When Ann walked into a workshop run by a theatre group over a year ago she had no idea where her project would lead. That’s what can be so fascinating about writing. You never know what you’ve started.
The theatre workshop looked at creating a small play, drawing upon an established piece of literary work for inspiration. Ann chose The Owl and the Pussycat by Edward Lear.
After the workshop she brought her short play to the writers’ group, where we were allocated parts and did a reading. It was great fun, but it seemed such a shame that it should end there. Surely there was something else.
And this is where being a member of a writers’ group can lead to so much more trouble! We suggested turning it into a radio play, or perhaps an animation. But how? A bit of brainstorming turned up the idea that Ann should get in touch with her university tutor (she got her BA Hons at the age of 75), because we thought he might know some animation/film maker students looking for a project. Well, as these things so often turn out, Ann was given the name of someone who knew someone, who knew someone … etc.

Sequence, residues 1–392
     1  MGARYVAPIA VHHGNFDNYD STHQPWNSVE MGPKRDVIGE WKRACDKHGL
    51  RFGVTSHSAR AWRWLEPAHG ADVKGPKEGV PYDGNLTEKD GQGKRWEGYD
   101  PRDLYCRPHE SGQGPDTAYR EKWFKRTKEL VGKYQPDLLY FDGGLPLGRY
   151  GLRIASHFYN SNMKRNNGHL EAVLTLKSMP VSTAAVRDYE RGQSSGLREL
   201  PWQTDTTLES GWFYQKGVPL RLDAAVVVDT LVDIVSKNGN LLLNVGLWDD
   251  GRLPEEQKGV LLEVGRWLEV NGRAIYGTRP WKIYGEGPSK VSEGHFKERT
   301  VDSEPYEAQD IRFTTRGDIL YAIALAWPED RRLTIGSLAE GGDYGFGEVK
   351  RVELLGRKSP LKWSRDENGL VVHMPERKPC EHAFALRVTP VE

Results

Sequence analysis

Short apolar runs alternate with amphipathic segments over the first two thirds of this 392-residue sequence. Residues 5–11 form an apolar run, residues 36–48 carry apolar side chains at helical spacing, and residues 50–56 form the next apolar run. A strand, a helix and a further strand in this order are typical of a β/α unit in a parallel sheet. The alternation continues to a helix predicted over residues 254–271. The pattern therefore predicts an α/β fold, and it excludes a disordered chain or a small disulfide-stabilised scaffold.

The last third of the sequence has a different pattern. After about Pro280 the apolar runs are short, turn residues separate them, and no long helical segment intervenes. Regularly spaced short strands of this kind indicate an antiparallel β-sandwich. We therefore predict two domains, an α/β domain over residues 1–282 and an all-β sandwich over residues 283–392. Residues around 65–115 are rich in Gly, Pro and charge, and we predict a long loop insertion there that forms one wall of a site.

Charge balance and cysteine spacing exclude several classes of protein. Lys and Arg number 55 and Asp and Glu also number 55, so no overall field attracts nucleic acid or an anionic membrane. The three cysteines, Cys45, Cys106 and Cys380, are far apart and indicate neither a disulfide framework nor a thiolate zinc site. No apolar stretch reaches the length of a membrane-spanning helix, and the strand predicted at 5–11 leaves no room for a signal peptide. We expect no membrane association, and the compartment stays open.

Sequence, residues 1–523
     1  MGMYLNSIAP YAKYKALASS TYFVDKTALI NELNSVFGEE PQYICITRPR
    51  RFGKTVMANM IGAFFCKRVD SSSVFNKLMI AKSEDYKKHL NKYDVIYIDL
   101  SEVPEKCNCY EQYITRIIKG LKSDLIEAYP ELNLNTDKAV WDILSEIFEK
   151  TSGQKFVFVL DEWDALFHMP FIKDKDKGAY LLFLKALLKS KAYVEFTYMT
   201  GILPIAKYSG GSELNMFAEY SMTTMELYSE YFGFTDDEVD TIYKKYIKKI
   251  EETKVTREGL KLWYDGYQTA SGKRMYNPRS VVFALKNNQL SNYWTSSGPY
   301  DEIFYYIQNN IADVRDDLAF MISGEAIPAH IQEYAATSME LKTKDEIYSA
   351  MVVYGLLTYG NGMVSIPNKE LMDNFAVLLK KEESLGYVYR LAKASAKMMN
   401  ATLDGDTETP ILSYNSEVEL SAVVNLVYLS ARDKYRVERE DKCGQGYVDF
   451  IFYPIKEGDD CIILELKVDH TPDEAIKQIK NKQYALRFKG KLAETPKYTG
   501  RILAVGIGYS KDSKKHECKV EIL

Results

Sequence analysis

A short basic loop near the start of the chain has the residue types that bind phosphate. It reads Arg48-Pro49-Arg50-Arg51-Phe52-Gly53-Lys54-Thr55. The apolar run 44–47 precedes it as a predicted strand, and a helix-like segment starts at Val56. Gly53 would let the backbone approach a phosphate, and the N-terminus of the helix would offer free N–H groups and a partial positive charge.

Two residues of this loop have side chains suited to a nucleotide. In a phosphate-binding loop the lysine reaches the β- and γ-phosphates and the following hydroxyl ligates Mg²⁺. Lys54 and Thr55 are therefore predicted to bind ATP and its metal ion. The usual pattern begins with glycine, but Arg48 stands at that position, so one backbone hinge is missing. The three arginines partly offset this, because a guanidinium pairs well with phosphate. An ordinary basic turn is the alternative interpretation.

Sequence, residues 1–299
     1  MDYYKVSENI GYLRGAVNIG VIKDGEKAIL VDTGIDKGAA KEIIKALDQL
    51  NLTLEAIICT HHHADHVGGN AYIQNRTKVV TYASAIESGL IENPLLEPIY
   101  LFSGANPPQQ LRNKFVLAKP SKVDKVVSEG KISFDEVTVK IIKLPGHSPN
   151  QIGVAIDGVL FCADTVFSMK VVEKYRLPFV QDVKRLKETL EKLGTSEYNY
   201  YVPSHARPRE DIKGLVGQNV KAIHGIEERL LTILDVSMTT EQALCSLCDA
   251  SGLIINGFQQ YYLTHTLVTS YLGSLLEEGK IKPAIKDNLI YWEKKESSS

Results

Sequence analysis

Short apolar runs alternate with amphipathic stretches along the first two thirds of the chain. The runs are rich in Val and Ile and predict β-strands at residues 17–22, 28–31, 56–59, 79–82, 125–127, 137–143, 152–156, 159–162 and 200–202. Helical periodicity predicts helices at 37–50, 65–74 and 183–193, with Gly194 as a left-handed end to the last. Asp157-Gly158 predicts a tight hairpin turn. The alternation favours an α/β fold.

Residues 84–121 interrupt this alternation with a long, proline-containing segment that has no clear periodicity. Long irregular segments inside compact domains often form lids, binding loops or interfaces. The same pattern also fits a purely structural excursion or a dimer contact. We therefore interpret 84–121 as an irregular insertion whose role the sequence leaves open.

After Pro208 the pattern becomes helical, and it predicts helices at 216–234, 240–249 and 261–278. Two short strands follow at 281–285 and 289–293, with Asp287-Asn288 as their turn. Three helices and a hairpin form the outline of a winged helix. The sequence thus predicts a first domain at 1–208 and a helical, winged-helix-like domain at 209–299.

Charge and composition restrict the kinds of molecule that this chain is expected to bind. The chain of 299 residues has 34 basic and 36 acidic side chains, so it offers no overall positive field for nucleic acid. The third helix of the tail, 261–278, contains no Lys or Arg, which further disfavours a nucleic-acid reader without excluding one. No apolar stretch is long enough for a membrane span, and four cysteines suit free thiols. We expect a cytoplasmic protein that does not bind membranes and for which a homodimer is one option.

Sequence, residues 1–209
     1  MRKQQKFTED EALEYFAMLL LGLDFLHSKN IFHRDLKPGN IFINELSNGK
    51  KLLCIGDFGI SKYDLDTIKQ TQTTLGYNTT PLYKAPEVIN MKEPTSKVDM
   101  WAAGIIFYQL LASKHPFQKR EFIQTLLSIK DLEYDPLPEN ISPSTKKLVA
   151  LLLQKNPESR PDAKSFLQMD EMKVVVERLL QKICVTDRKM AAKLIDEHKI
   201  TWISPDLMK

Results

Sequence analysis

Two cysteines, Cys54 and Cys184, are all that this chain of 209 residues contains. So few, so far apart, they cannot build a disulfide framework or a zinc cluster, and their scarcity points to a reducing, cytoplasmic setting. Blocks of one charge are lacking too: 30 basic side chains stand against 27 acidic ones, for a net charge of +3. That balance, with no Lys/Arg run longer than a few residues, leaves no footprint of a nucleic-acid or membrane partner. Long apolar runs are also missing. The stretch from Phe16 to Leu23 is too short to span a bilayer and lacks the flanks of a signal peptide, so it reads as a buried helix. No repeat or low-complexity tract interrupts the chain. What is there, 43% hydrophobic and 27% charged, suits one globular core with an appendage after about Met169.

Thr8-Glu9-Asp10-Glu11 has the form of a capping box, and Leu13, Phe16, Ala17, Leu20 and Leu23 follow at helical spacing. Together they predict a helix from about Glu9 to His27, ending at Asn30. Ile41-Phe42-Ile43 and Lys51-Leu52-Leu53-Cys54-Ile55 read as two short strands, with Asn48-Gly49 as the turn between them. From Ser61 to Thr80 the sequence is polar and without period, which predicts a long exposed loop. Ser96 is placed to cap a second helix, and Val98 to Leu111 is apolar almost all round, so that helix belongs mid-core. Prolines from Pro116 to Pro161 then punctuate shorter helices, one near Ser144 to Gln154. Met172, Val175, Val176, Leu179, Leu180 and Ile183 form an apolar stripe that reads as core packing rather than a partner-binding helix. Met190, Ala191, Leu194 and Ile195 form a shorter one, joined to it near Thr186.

And an idea was born. Not an animation, but a comic. (Which was also a lot cheaper.)
That was several months ago, and last Tuesday two of us from the group accompanied Ann to the home of Elliott, a 19-year-old creative who’d pulled the project together for Ann, drawing upon a graphic designer he knew in America and a local printer.
When Elliott handed the comic over, Ann was quite emotional (and the quietest I’ve ever known her). But it was great to see the finished product, professional produced.
Ann has clear plans for her three copies that she’s had printed. But as I sat there in Elliott’s family home, it was great reminder that writing is all about teamwork. Inspired by others at the theatre workshop, and encouraged (some may say bullied) by the writers’ group to take it further, Ann’s project came to fruition thanks to Elliott and his team.
So, next time you sit down and start a project, just wonder for a moment about where it may take you. And don’t forget, writing may feel a solitary exercise at times, but if your piece is going to be published, produced, or entered into a competition, there’s a whole of team of other people involved in making it happen.